Boomers are an interesting lot – and there’s a hell of a lot of them. A good combination for employers, marketers, politicians, and web 2.0 startup companies looking to build vast piles of money from them, win their favor, or harness their expertise in the work place. There’s a post from yesterday on the New York Times titled “New Social Sites Cater to People of a Certain Age” and it’s a good read for anyone wanting to get a 50,000 foot view of newer social sites like eons, and multiply.
“…there are 78 million boomers â€” roughly three times the number of teenagers â€” and most of them are Internet users who learned computer skills in the workplace. Indeed, the number of Internet users who are older than 55 is roughly the same as those who are aged 18 to 34, according to Nielsen/NetRatings, a market research firm.” – sourced NYT
So what’s going on with online social networking tools in this crown jewel of market segments? In a word – lots.
â€œThe older demographic has a bunch of interesting characteristics,â€ Mr. Kedrosky added, â€œnot the least of which is that they hang around.â€ – Paul Kedrosky, a venture capitalist and author of the blog Infectious Greed
Said another way, online Boomers don’t suffer from shiny object syndrome (ohhhh, that’s pretty, let’s try that!) like younger generations are famous for. Even as an entrenched Gen X’er at 38 I no longer look at a BMW without having the accompanying thought that you give up a lot of hard earned cash (see: freedom) to drive around in a pretty car. I sure as hell didn’t do that when I was in my 20’s.Â Web companies, employers, investors and venture capitalists are all seeing the direct benefits of catering to Boomers and for good reason.
There’s anecdotal evidence now with early web companies in the space that their instincts on Boomer’s stickiness is well founded.
“Peter Pezaris, president and chief executive of Multiply.com Inc., based in Boca Raton, Fla., said he believed that older customers were stickier than younger ones, but said the evidence so far was anecdotal. He said 96 percent of the companyâ€™s active users returned each month, a statistic that he said impressed the venture capitalists who considered investing in the site.” – Peter Pezaris CEO Multiply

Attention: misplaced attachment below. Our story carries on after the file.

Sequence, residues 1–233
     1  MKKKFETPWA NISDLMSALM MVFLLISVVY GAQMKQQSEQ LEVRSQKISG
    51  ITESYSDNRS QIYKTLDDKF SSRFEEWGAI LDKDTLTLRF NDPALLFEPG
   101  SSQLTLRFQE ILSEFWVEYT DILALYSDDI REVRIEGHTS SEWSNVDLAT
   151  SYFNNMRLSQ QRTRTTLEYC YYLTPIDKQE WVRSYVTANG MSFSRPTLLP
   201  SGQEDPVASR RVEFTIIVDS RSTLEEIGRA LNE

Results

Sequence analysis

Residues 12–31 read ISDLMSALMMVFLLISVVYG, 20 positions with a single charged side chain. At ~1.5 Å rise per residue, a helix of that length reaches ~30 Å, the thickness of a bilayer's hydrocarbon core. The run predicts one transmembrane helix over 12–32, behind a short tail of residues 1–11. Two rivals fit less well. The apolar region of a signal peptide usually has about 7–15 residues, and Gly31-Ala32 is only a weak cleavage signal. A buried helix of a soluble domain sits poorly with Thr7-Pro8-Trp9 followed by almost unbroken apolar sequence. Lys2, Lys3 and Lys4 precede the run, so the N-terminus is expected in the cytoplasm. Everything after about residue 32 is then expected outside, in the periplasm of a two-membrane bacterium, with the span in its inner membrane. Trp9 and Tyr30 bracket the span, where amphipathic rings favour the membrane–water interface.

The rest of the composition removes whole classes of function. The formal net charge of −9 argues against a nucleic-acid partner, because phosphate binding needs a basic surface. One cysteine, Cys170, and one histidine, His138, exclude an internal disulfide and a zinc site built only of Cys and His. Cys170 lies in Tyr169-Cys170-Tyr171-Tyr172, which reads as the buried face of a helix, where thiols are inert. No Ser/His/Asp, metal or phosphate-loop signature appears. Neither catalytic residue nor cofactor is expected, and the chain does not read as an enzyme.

In the job search engine space we have the boomer focused RetirementJobs.com, a niche Boomer version of CareerBuilder or Monster.Â RetirementJobs.com published some interesting research last year that corroborates some of the news featured in the New York Times piece.
“RetirementJobs.com research shows that on top of experience, workers over 50 stay in jobs longer, waste less time at work, and relate better to companiesâ€™ older customer base. Employers are increasingly luring 50+ workers given that half the U.S. workforce of 130 million people is scheduled to retire, or take a retirement job, in the next 15 years.”
RetirementJobs.com polled their users and pulled out some interesting charactertistics.
Right at the top is flexibility and lifestyle integration. Freedom.Â From looking at these numbers you’d have to conclude that Boomers no longer agree with their youthful battlecry so perfectly echoed in Kris Kristofferson’s Me and Bobby McGee – “Freedom’s just another word for nothing left to lose.”
Like any other generation Boomers have their own unique needs and desires and they need their own kind of pad to hang out in online. I believe that the only thing holding them back from being just as addicted to social networking sites as our younger generations is a relevant hang out. Get relevant and people will get connected.
[tags]Boomers, Baby Boomers[/tags]